Micro-learning is a term gaining widespread popularity, especially in the world of corporate training. Product organizations are exploring ways to deliver short learning bytes for just-in-time learning for easy assimilation and application to its users.
What is Microlearning?
Microlearning is basically information delivered in bits. Also, known as bite-sized learning, micro-learning capitalizes on the contemporary motto of ‘time is money. If you watch a video on YouTube to learn how to install Windows on your PC or how to bake a cake; if you read a blog to understand how to tether your mobile as a Wi-Fi hotspot, you are already micro-learning. Under micro-learning, content is broken down into very small chunks and delivered to the learner, who can access them just at the point-of-need or when he/she has time to.
Six ways how micro-learning can be part of your product training:
Short ‘how to’ videos, particularly those that involve practical demonstration of a product. However, care must be taken to keep the videos short. If you flinch at the idea of downloading a 20 MB forwarded video on WhatsApp or Viber, you know what we are talking about. DO NOT defeat the purpose of micro-learning by adding unnecessary content in the video. Keep it short and to the point.
Email and Mobile Notifications
Micro-information like ‘A word a day’ can be pushed to learners through email or mobile notifications. Whether they want it on their mobile or as an email every day, should be left to the choice of the learners themselves. To make sure, that users do use this learning resource, short quizzes and puzzles must be designed and integrated into a socially enabled LMS that lets them earn points when they answer correctly. This will not only ensure that learners do not treat those emails/mobile notifications as junk, but will also motivate learners to outdo each other in a healthy competitive spirit.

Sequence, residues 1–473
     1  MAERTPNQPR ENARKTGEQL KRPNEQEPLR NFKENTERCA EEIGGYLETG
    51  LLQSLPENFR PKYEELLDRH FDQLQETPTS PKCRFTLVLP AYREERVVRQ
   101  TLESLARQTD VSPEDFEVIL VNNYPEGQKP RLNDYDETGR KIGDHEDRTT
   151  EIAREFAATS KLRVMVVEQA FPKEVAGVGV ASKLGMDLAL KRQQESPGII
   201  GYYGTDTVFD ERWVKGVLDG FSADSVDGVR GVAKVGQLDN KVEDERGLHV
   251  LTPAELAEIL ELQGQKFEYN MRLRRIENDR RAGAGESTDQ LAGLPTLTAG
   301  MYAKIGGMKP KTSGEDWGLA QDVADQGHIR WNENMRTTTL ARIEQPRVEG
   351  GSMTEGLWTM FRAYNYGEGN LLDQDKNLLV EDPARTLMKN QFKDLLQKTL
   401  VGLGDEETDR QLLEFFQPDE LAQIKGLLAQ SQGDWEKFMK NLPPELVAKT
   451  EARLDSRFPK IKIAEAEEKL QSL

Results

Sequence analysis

Puzzles, riddles and quizzes
The beauty of a game is that people learn the most through them even without realizing that they were ‘learning’ and not playing. A quiz that takes sales employees to higher levels as they answer questions about customer support, a puzzle that requires mechanical engineering trainees to fill in the missing pieces of a machine design or a vocabulary quiz for the English teaching staff at a university — all these are excellent ways to drive user adoption and increase engagement Blog Posts
Blogs are also very useful when it comes to applying micro-learning for on-demand training. Short blogs, say between 350-500 words that focus on specific topics in concise points should be available on the LMS. Plus, make sure you integrate a robust and efficient ‘search by keyword’ function to enhance the utility of your blog.
While blog posts are great for process-oriented instruction, PowerPoint slideshows are a great medium to explain concepts. This is because you can add text, audio and graphical content as well as animate these objects to touch upon both the visual and auditory parts of learners’ minds.
Again, animations are highly effective media for describing or explaining general concepts which may otherwise be difficult to understand. Short and simple animations can be authored on topics as diverse as: ‘How to handle a dissatisfied customer’, ‘How to use key product features, ‘How to install in 3 easy steps’ and so on. You must remember the 4 tips given here to make effective and useful animations.
The wonderful part about all these bite-sized or micro-learning resources is that by being small, they allow learning to become an everyday activity. Of course, there is no denying that classroom training has its own benefits, but micro-learning is a win-win for product organizations.
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